Posted: December 13, 2019
Isn’t it much easier to replace a hammer than an anvil?
So I would think that you would want your hammer to be less hard than your anvil.
The top quality anvils that we have tested and sell range in hardiness from HRC 55 - 62 with an average around 58 HRC on the center mass of the anvil. This is not the horn(s) or edges as many of those areas are closer to the lower figure of 55 HRC. These ratings are not the same for commercially made hand-held forging hammers.
Please note I was very specific in writing, “commercially made hand-held forging hammers,” as the term blacksmithing hammer has pretty much become a very loose term. So loose that some even group ball peens in this category.
The commercially made hand-held forging hammers, that we have tested and sell, all come in around 50 HRC on face and peens…. and now on to the biggest question.
How many folks out there like to make their own forging hammers? It’s a great and rewarding process and a great teaching tool. But, what is that hammers hardness? Most wouldn’t have the chance to test the hardness and so that hammer would get used on our own anvils and on those where we may roam.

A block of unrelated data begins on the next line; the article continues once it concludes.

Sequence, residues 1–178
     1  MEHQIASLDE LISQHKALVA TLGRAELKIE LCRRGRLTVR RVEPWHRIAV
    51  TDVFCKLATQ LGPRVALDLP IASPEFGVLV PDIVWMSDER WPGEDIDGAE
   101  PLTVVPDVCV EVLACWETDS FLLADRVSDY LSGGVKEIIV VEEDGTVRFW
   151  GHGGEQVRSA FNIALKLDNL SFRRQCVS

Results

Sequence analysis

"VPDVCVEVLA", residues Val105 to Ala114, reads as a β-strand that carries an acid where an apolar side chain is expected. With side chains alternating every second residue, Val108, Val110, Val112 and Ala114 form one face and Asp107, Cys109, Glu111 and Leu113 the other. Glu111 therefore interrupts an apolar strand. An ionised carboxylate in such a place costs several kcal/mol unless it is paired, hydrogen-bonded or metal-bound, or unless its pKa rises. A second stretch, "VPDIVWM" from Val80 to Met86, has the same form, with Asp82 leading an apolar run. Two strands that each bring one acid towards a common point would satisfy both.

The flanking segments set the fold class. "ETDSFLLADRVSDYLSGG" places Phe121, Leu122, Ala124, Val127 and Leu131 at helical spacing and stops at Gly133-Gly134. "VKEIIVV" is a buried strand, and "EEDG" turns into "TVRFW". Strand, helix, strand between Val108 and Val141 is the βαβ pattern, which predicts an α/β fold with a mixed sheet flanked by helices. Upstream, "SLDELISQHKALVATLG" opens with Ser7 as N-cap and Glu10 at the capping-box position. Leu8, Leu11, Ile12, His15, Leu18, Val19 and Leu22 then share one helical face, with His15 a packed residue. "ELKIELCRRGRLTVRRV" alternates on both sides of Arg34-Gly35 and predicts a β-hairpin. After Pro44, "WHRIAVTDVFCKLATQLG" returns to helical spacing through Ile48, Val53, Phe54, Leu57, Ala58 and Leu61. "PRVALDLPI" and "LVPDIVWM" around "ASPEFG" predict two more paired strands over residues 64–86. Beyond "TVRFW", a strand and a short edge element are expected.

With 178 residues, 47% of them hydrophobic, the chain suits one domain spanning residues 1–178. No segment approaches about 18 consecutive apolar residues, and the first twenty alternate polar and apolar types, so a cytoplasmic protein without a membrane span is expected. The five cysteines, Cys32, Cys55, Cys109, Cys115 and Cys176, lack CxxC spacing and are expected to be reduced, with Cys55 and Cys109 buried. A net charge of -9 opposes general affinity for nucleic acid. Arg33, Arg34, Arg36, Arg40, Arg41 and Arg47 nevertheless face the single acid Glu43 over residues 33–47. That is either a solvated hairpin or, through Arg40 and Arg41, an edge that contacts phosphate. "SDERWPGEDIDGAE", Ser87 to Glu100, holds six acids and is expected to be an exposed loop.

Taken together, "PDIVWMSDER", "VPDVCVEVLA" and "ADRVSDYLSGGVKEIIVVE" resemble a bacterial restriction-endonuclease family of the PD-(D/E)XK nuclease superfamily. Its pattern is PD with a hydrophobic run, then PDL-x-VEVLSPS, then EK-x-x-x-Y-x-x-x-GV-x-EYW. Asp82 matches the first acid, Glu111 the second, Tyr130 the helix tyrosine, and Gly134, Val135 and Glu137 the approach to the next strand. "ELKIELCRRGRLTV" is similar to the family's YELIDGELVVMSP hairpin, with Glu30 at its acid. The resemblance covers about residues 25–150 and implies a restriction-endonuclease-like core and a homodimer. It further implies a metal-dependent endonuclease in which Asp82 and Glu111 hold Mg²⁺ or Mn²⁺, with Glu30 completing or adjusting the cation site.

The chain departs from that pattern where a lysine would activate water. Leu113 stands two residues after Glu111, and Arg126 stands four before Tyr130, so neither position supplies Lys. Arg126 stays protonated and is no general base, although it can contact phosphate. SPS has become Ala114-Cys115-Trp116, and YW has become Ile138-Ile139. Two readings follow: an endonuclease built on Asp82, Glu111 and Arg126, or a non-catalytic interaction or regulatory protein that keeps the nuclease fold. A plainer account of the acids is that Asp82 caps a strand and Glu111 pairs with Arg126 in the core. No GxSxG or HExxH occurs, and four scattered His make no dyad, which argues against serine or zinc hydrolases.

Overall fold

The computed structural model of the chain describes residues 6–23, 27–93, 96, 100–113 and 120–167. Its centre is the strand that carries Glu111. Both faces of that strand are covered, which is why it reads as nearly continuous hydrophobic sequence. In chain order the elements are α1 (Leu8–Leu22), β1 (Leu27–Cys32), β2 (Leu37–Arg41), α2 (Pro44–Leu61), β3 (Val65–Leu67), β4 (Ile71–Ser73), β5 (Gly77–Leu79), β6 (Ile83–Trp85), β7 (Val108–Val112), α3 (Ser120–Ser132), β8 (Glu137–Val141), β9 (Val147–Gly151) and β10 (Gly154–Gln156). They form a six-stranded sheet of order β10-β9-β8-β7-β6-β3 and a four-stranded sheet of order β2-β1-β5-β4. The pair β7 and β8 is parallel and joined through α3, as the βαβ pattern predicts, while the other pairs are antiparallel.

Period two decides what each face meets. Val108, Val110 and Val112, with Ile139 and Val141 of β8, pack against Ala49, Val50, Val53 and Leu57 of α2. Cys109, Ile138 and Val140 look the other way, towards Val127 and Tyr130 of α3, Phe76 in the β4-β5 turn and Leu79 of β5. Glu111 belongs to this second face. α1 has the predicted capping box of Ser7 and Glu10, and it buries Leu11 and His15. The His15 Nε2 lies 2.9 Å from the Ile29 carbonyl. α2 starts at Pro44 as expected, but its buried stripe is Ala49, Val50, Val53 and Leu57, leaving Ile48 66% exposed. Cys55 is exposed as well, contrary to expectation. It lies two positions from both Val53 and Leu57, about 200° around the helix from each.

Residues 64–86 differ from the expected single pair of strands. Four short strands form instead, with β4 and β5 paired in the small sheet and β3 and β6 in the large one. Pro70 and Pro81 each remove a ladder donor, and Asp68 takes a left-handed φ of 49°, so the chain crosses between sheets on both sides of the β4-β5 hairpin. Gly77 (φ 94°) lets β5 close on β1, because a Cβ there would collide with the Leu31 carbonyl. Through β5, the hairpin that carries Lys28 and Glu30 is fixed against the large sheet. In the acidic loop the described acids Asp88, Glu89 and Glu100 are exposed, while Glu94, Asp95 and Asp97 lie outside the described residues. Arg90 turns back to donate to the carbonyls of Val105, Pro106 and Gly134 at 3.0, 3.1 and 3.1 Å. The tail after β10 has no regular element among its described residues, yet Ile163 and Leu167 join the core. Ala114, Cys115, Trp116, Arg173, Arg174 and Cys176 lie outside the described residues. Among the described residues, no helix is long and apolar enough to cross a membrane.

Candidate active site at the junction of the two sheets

While most of us would not leave home with our trusted forging hammer, care and consideration for all the tools we use, including the anvils, should be tantamount.
Posted: October 10, 2018
Use flux or not? The real question is do you understand what flux is for?
Flux is used to reduce the temperature at which the surface elements (scale, impurities, etc.) become fluid on the surface of the metal. It protects the surface from erosion due to air or gas blasting against the metal. Therefore if you do not use flux you must raise the temperature enough to make the elements on the surface fluid.